Jackson Hole’s art scene focuses on West
JACKSON HOLE, Wyo. – Stepping into Jackson Hole is like taking a step back in time.
A quaint little town situated on the outskirts of Grand Teton National Park, there are fewer than 9,000 residents.
It might come as a bit of a shock to find out that Jackson is actually a major art hub. Known as the “Art Center of the Rockies,” it is home to nearly 30 galleries featuring everything from small local artists to those with international acclaim, as well as several Old Masters.
|This photo was taken by David Brookover in Wyoming and can be seen in the Bookover Gallery in Jackson Hole (Photos by Darci Miller).|
“I understand it’s the fifth-largest art city west of the Mississippi,” said Scott Jones, general manager of the Legacy Gallery in Jackson’s historic town center. “I can believe that. There’s a lot of art sold here in this town, a lot of galleries.”
The community has hosted Art Fair Jackson Hole since 1965. The art scene has only blossomed since then, with the Legacy Gallery opening in 1988.
“It’s really grown in the last six years,” said David Brookover, owner of The Brookover Gallery. “It’s become a lot more contemporary… for years, it was very traditional.”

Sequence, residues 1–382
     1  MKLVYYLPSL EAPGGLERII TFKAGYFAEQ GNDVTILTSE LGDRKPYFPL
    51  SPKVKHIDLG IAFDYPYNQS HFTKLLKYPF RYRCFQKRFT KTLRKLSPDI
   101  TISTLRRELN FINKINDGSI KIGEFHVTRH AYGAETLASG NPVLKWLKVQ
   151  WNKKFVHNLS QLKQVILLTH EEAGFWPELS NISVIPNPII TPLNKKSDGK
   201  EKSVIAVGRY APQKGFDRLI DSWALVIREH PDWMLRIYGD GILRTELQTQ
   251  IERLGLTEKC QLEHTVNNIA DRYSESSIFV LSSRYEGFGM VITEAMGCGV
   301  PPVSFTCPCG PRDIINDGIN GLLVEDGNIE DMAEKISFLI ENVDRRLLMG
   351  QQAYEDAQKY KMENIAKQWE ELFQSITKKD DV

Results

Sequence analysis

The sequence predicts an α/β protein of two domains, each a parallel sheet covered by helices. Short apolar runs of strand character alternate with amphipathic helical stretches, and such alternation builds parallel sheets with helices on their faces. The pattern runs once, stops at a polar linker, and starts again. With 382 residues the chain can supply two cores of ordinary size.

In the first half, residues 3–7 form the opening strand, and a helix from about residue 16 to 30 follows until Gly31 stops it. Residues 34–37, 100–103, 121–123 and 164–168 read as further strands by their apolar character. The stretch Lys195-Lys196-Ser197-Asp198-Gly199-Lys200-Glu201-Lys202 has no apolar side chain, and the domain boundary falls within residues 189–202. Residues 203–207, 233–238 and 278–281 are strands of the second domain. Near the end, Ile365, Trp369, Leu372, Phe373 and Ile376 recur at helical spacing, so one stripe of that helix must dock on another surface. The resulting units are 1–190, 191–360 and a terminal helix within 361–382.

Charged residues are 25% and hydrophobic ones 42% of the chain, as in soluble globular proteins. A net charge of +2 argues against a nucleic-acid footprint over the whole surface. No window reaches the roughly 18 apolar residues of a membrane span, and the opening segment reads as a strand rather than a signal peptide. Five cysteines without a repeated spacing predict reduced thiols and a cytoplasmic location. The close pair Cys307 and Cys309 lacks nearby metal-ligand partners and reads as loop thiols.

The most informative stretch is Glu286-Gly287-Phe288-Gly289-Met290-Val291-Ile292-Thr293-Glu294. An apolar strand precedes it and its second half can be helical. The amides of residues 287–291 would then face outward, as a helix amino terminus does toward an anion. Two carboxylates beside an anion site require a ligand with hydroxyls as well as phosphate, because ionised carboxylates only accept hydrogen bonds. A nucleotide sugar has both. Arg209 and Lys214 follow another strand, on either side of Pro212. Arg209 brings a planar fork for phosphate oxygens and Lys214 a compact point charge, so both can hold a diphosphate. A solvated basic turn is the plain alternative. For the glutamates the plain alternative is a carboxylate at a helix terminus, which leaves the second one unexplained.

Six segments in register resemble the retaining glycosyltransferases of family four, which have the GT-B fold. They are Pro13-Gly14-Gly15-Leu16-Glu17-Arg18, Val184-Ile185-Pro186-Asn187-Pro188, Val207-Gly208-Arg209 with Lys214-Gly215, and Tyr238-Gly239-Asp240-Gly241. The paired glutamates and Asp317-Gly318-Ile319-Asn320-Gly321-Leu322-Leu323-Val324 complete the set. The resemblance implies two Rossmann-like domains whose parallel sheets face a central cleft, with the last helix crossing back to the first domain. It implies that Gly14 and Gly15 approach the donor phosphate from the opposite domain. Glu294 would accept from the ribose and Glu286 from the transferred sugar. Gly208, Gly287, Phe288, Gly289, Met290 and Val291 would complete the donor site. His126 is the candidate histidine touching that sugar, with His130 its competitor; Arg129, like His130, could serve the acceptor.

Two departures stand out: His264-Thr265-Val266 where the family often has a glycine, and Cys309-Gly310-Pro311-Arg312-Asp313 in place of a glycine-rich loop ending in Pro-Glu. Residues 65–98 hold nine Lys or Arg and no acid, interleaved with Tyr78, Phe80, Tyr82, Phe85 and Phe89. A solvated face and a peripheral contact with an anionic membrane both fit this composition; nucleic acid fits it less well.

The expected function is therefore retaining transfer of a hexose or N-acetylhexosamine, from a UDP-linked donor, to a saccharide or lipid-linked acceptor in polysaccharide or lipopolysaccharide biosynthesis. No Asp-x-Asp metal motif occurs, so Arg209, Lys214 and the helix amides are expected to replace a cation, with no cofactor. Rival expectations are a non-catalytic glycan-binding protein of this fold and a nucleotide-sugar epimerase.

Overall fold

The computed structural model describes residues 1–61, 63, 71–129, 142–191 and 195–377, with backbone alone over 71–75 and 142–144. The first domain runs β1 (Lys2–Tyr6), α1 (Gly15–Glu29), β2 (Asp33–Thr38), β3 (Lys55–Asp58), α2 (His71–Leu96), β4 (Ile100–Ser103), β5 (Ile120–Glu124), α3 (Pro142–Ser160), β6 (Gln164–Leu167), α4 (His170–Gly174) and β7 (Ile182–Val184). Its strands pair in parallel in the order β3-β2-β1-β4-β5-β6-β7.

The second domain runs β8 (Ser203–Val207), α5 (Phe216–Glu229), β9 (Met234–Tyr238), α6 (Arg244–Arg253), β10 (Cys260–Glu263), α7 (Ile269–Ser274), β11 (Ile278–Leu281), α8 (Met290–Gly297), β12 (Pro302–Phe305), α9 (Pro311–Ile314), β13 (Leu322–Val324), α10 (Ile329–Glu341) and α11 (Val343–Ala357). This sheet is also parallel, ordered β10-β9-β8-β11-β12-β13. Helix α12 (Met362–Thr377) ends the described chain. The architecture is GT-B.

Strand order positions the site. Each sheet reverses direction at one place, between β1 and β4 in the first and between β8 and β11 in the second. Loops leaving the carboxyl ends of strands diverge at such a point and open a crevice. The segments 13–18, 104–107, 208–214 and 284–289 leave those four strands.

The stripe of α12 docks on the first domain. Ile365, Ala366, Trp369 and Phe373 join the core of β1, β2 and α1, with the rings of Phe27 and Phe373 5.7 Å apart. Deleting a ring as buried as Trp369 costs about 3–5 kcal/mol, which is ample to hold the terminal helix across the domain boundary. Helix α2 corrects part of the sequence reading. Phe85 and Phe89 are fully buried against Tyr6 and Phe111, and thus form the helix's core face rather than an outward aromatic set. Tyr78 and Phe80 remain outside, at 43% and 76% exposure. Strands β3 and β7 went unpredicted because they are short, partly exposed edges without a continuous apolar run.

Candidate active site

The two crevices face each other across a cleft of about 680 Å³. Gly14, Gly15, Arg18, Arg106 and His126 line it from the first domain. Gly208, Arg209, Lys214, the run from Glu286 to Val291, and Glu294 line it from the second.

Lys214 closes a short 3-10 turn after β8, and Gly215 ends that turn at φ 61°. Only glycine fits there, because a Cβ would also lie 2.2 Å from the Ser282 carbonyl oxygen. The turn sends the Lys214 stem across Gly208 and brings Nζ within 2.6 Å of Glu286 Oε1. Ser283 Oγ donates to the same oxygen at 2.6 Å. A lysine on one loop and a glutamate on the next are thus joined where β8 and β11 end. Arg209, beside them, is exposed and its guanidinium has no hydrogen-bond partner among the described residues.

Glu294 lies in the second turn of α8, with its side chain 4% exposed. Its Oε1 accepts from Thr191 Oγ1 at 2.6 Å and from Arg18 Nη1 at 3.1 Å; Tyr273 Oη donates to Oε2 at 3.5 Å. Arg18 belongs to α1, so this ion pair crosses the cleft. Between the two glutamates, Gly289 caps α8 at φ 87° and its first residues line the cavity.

Traditional artwork is still a mainstay in most galleries, with western art being the prevalent theme. It’s a rare occasion to walk into a gallery and not be greeted with a mountain landscape or wildlife piece.
“Cowboy, Native American, western landscapes are the core of what we do here in Jackson,” Jones said. “Wildlife is very popular here. Jackson is definitely a wildlife capital.”
|At left, this oil painting by artist Gary Lynn Roberts hangs in Legacy Gallery. Below, a piece seen in RARE Gallery is by artist Michael Kalish and is made out of license plates. Kalish frequently uses license plates in his work. Last, there are a number of pieces by Old Masters featured in Jackson Hole galleries. This was done by Pablo Picasso and hangs in RARE Gallery.|
The Legacy Gallery is one of the more traditional galleries in Jackson Hole. Its artwork is largely oil paintings and bronze sculptures.
“We deal with very representational artwork,” said Jones. “That attracts artists from all over the world who want to paint representational work.”
Indeed, he mentions that the gallery features few local artists, with work coming from as far as Australia.
Even the more contemporary galleries are not immune to Jackson’s tradition of western art. The RARE Gallery of Fine Art is one such example. It prides itself on representing “art for the New West,” and has been open for six years.
“The theme [of the gallery] would be a western contemporary,” said Alicia Picichio, a gallery employee. “There’s still a western feel to it, to keep true to the area.”
Looking around, though, it is evident that the RARE Gallery is a little bit different. Grizzly bears are painted in bright, bold colors, Native Americans are photographed in typical Andy Warhol fashion, horses are drawn onto pages torn out of books, and Abraham Lincoln is depicted in a star-spangled top hat. While western art may typically be representational, that’s clearly not all there is to it.